Sep 20, 2012 11:55 PM by AP
Whenever Kenny Hilliard gets the ball, LSU coach Les Miles assumes he'll hear the pounding of pads and see a tackler taking a beating.
Miles marvels at the way Hilliard compacts his 6-foot, 230-pound frame as he gathers momentum, lowering his shoulder pads to the likely point of impact with a defender.
"That is probably as devastating to a would-be tackler as there is," Miles said. "A would-be tackler gets down low and Kenny has the ability to lower his pads into that guy and still bounce off. That's a great way to break a tackle."
Hilliard, who had his breakout game as a freshman last season against Auburn in Tiger Stadium, is currently the top running back for No. 2 LSU, which plays at Auburn this Saturday.
Hilliard is averaging 101 yards and has scored two touchdowns in each of LSU's first three games, making him the first Tiger in more than a decade to run for multiple touchdowns in three straight games. (LaBrandon Toefield last did it in 2001).
"I'm just trying to pick up what I did last year and continue to grow," Hilliard said. "Just continue to get better each and every week and just try to bust my tail for the team."
Hilliard entered his freshman season fourth on LSU's depth chart at running back, behind Spencer Ware, Michael Ford and Alfred Blue. When Ware, another bruising back, was suspended against Auburn last season, Hilliard got the call in short-yardage situations and rushed for 65 yards and two TDs on only 10 carries (6 1/2 yards per carry).
Miles started going back to Hilliard near the goal line and he finished his freshman season with eight rushing scores and one receiving TD.
"He's a guy that makes a great cut and takes it to the line of scrimmage with real aggression," Miles said. "So he would define a real quality short-yardage runner."
Blue, who opened the season as the starting running back, is out with a knee injury, which could mean more work for Hilliard.
When asked about how hard it is to tackle Hilliard, Auburn coach Gene Chizik said, "Very, along with some of their other tailbacks."
"They are physical. They are downhill. That's what they practice. That's the way they run," Chizik added.
Now just three games into his sophomore season, the 20-year-old Hilliard has 15 career TDs, 35 short of the number his uncle, Dalton Hilliard, scored for LSU in the early 1980s before an NFL career with the New Orleans Saints.
It took Dalton Hilliard four seasons to score his 44 rushing and six receiving touchdowns. Kenny Hilliard will be eligible for the NFL draft after his junior season.
The younger Hilliard claims he's never thought about eclipsing his uncle's LSU stats, which also included 4,050 yards rushing.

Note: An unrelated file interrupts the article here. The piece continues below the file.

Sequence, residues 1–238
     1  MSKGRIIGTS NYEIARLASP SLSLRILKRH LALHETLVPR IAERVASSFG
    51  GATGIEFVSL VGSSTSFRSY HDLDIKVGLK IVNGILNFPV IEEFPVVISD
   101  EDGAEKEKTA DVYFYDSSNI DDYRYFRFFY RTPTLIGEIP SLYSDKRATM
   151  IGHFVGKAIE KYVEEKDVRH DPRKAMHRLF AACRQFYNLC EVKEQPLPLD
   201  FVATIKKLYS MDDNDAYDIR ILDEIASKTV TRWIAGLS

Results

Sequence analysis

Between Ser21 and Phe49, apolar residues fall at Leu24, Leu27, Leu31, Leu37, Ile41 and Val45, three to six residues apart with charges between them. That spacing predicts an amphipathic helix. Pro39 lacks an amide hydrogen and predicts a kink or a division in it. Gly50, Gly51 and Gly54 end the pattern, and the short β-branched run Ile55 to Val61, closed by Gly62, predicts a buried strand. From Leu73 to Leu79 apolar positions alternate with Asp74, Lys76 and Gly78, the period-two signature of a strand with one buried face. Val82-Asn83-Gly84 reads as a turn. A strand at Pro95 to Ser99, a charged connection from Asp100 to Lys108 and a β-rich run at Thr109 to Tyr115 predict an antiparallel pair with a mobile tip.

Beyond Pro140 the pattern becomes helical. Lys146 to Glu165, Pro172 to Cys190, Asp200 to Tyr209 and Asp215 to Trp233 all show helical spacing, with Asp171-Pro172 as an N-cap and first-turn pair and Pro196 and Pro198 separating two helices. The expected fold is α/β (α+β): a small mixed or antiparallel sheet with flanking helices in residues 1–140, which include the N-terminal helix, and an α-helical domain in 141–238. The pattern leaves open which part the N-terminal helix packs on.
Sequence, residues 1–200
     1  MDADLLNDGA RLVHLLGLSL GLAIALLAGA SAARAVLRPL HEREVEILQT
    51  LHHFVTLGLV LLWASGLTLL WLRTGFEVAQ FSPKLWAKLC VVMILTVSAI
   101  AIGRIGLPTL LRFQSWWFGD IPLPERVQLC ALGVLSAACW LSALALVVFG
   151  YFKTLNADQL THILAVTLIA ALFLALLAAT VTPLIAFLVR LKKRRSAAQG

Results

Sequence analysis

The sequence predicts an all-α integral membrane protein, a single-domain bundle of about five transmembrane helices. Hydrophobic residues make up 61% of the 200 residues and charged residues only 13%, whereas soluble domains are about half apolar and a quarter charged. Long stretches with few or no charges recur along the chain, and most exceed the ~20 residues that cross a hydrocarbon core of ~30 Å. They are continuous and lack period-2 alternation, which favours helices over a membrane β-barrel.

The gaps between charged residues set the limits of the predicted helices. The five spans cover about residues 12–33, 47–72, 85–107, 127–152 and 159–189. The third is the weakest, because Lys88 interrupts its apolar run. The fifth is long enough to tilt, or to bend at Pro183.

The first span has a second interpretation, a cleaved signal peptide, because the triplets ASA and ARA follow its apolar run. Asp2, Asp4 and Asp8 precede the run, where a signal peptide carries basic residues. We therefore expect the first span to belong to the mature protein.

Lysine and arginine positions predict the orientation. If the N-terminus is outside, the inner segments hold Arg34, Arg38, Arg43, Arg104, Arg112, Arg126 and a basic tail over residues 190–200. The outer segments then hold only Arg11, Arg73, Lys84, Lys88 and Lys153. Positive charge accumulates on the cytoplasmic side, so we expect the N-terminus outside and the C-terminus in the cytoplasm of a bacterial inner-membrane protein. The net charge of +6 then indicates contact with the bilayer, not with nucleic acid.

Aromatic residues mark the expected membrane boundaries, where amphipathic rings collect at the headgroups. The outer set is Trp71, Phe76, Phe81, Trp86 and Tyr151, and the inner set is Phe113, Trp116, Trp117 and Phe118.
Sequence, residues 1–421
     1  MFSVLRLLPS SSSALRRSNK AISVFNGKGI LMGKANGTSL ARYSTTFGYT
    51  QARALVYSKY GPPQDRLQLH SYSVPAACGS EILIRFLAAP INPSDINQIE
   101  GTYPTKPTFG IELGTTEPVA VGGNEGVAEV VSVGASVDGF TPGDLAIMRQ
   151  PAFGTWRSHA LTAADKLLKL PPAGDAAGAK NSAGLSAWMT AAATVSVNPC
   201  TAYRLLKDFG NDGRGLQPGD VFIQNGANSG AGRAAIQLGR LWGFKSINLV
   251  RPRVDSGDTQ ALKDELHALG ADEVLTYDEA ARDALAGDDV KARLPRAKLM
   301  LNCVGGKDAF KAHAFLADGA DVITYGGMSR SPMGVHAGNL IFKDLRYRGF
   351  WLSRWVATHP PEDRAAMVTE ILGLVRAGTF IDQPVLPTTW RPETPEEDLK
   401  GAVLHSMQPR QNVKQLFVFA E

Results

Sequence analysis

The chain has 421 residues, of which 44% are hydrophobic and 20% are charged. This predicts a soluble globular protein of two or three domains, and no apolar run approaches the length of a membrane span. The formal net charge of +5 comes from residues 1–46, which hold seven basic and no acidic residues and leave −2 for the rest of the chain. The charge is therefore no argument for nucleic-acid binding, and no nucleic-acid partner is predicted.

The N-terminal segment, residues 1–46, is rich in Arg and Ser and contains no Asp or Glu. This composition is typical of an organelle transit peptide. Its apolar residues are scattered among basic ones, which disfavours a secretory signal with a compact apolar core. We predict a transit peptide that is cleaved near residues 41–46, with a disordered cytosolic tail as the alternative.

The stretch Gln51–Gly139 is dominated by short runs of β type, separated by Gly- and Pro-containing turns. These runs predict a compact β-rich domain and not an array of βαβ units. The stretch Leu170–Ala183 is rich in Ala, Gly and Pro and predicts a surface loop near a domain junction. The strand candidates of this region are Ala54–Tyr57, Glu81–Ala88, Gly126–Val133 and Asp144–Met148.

"My goal is not to do that," Hilliard said. "My mind is not really on that. My mind is just on doing what I have to do for the team."
Dalton Hilliard, who made a Pro Bowl with the Saints, said if his nephew does not rack up the same numbers as he did, the main reason will have been that the Tigers have a handful of elite running backs sharing carries. Still, Kenny Hilliard more than likely has the NFL in his future, his uncle said.
"He's really a student of the game," the former Saints star said. "The more he plays, each year he's getting better and learning to use his talent, especially now being a more complete back than his first year. I expect that next year he'll improve even more."
Kenny Hilliard rushed for 8,603 yards and 106 TDs for Patterson (La.) High School. He showed up at LSU last year weighing nearly 240 pounds and figured his physical approach to running would be a perfect fit at LSU.
"That's what we mainly do here. We mainly pound the ball," he said.
This season, Hilliard has dropped his weight to a little under 230 pounds, he said, with the goal of finding more quickness and agility to go with his power.
Against Idaho last Saturday, he broke loose for a 71-yard touchdown.
"I was able to burst through that (first) tackle, and I just saw nothing but green grass and was able to outrun the defender," Hilliard said.
He has also scored from 38 yards out and added a 60-yard run against North Texas. His longer runs have helped him average 8.2 yards per carry through three games.
"He's got great vision ... runs with ball security, can make you miss but combines that with a physical brand of running," Miles said. "We think that he will continue to be a very positive contributor in this offense as we go forward."
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